Portion Size and Obesity

Research output: Contribution to journalArticle

50 Citations (Scopus)

Abstract

Portion size is a key environmental driver of energy intake, and larger-than-appropriate portion sizes could increase the risk of weight gain. Multiple acute, well-controlled laboratory studies, supported by data from free-living settings, demonstrated that portion size has a powerful and proportionate effect on the amount of food consumed. Of particular importance is that bouts of overeating associated with large portions are sustained and not followed by a compensatory reduction in energy intake. The positive effect of portion size on energy intake was demonstrated for different types of foods and beverages, and is particularly pronounced with energy-dense foods. The predisposition to overeat in response to large portions is pervasive and occurs regardless of demographic characteristics, such as socioeconomic status, age, body mass index, and sex. Secular trends toward greater availability of large portions, coupled with value-size pricing, effectively distorted consumption norms and perceptions of what is an appropriate amount to eat. Nevertheless, although a direct causal link between portion size and obesity remains to be established, advice to moderate portion sizes, especially of energy-dense foods, is presently the cornerstone of most weight management advice. Although many strategies have been proposed to counteract the deleterious effects of portion size, there are few data indicating which are likely to be acceptable in the medium- to long term. Further research is urgently needed to establish what types of interventions targeted at portion size are likely to be effective, in what settings, and among which target groups.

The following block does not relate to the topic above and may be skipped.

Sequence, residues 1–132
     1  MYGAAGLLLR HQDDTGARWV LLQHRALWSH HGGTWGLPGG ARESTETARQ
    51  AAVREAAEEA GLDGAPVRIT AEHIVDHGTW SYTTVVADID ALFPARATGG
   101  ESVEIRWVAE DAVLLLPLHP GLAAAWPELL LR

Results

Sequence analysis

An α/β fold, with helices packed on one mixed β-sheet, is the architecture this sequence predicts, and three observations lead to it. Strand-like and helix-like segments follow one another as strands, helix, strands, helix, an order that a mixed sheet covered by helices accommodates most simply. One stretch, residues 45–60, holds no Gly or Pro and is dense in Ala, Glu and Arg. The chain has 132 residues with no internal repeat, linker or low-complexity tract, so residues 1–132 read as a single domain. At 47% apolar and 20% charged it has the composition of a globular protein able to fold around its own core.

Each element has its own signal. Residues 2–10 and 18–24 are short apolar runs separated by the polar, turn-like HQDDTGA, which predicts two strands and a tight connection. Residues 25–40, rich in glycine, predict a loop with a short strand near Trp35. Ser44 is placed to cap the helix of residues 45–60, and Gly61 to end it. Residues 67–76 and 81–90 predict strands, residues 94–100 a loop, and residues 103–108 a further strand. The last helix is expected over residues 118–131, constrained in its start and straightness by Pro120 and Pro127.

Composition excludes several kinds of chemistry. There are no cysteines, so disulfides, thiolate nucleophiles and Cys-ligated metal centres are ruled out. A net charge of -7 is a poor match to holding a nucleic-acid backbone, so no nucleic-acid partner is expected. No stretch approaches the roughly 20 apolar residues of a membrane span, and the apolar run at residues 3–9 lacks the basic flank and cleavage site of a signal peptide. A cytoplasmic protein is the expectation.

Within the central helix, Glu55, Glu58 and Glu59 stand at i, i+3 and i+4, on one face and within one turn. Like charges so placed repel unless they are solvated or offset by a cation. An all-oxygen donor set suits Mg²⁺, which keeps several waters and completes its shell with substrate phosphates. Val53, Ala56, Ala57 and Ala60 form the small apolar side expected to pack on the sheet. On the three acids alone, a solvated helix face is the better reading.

LanguageEnglish
Pages829-834
JournalAdvances in Nutrition
Volume5
Issue number6
DOIs
Publication statusPublished - 1 Nov 2014

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Portion Size
portion size
obesity
Obesity
Energy Intake